Today Optomec will introduce its Aerosol Jet Display Lab System to the American market at the FlexTech 2010 Conference in Phoenix, Arizona, USA. The system has been designed and developed for the production of next generation touch screen and display applications.
Optomec is a company that intrigues me. Its proprietary LENS additive process has been around for many years and is well established and utilised among savvy clients in advanced sectors such as aerospace and defence. The applications for the LENS process have proved diverse — manufacturing and repairing high value metal components from aircraft engine parts to medical implants. However, the company often seems to fly below general radar levels, quietly going about its business.
The Aerosol Jet Display Lab goes a step further than LENS, it is an advanced additive platform that utilises Optomec’s patented Aerosol Jet technology, which in turn enables high resolution deposition of a wide variety of materials including conductive nano-particle inks, insulators, dielectrics, polymers, adhesives and other advanced materials. The system can print onto a wide variety of flexible and rigid substrates.
Despite the US launch today, a number of customers in Asia, including a leading industrial electronics research institute and a leading touch screen company, have already purchased and taken delivery of their Aerosol Jet Display Lab systems, which are being used to develop applications such as bridge/jumper circuits for bus lines on ITO/Glass, edge circuits for handheld displays, and fully printed Thin Film Transistors.
According to Optomec, the benefits of the Aerosol Jet Direct Write technology are the multi-material, fine line (<10 um) printing capability which eliminates many process steps/costs associated with current photolithographic and vacuum based display manufacturing processes. Also, the Aerosol Jet Print Engine can be integrated into automation platforms to meet high volume display production requirements. Multi-nozzle dispensing heads can be configured to meet specific end-user throughput needs. The additive process employed by Aerosol Jet technology reduces environmental impact by minimizing waste and chemicals that are prevalent in traditional electronics’ manufacturing processes.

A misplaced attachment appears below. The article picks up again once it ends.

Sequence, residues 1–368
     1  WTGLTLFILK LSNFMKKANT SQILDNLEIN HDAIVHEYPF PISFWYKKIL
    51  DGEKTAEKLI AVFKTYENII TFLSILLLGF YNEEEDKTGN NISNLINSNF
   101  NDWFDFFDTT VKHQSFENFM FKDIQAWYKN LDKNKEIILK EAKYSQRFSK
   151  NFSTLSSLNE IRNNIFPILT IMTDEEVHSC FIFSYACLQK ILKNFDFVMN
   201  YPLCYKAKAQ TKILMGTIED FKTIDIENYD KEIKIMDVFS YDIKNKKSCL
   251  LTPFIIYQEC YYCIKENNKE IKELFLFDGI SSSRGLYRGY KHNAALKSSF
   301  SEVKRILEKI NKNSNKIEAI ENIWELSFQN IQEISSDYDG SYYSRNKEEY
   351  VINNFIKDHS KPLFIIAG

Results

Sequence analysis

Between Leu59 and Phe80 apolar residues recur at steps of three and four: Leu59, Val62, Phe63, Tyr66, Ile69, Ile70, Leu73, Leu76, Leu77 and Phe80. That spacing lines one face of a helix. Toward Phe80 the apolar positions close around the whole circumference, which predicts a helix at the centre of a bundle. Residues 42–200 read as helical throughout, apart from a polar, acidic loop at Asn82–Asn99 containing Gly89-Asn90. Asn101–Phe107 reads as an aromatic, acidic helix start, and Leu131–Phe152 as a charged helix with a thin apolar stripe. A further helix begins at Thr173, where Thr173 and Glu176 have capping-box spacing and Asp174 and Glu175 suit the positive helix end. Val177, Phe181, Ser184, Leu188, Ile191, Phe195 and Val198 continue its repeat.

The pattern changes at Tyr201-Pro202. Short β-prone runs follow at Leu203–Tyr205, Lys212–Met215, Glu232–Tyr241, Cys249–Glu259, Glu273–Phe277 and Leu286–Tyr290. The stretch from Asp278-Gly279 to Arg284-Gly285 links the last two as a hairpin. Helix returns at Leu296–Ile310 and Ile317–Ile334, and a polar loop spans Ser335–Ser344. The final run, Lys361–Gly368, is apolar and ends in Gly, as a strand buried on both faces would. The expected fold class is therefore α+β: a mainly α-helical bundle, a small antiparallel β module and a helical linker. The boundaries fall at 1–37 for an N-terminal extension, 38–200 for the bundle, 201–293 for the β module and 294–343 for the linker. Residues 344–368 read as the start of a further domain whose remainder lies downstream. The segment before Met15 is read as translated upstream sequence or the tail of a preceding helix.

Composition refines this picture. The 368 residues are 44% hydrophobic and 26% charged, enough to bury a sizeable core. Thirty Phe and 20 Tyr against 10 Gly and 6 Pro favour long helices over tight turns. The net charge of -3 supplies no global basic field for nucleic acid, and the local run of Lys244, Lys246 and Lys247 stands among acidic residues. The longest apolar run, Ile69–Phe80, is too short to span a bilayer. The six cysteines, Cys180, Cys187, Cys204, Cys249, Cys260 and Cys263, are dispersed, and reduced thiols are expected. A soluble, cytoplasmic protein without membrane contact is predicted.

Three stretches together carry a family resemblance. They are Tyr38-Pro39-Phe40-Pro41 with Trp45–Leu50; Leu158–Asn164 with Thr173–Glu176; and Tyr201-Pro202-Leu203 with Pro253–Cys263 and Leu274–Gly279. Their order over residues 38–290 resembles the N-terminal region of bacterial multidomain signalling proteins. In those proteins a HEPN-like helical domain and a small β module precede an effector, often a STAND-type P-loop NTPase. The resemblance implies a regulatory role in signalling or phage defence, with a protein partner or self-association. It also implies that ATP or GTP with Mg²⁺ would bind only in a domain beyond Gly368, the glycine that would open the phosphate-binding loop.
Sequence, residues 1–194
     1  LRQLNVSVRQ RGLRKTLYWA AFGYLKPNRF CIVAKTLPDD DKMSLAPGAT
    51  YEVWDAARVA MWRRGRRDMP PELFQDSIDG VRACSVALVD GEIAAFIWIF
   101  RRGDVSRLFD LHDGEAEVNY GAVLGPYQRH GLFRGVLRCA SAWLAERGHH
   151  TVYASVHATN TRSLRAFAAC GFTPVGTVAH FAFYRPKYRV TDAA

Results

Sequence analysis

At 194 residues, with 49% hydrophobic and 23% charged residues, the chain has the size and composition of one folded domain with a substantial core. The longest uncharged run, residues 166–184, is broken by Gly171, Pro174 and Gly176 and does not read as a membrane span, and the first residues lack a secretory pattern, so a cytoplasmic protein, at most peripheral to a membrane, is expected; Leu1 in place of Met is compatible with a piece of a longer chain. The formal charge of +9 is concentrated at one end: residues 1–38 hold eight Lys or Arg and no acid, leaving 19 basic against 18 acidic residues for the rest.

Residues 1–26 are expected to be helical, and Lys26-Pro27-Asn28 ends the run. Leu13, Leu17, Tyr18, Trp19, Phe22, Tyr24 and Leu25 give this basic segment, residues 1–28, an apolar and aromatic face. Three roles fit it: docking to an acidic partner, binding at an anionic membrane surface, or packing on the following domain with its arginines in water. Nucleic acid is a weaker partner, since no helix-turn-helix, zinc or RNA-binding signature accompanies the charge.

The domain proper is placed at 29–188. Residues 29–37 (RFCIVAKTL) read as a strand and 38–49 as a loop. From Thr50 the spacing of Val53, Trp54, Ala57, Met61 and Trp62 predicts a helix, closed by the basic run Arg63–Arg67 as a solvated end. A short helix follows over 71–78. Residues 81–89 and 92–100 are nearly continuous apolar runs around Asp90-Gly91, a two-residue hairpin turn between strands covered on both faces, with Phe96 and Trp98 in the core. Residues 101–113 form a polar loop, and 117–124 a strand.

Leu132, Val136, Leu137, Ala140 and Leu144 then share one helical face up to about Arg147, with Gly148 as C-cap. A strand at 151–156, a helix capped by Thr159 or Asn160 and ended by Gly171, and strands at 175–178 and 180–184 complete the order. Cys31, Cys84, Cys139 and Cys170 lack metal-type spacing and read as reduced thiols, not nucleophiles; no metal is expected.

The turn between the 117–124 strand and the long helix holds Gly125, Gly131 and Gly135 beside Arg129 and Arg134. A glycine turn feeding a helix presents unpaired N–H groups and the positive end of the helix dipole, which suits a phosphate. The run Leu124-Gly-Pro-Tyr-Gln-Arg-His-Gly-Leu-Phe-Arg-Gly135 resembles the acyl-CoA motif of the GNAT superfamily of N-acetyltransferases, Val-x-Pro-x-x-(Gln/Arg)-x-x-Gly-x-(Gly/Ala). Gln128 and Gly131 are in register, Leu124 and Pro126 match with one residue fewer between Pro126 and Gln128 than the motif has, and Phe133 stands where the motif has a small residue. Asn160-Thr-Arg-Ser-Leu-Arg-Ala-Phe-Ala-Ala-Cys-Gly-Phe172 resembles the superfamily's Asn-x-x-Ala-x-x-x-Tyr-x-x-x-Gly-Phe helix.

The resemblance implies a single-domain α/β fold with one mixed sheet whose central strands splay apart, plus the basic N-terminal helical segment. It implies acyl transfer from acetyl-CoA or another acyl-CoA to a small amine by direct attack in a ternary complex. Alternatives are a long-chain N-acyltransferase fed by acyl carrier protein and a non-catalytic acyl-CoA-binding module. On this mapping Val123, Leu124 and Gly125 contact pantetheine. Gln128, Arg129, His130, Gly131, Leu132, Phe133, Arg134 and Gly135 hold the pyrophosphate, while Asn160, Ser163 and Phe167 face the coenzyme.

The company has released a huge amount of information — with very little fanfare — all of which has even greater implications for future development.
The things that really stand out for me are:
• the high resolution deposition of nano-particles
• companies in the middle East are already using the systems
• multi-material deposition
• < 10 µm printing capability.
• and last, but by no means least, the system was developed for a specific application, and Optomec launch direct to its target market at FlexTech, an event dedicated to flexible technology for electronics and displays.
Basically, when a company bylines itself as "the world-leading provider of additive manufacturing systems for high-performance applications" my instinctive response is, 'yeah, yeah, you and every other AM vendor'. In this instance though, with a significant and very noticeable lack of hype around the company, I am inclined to agree that Optomec is making huge strides that are ahead of the game.
[NB: I have absolutely no commercial / financial interests in Optomec or associated companies.]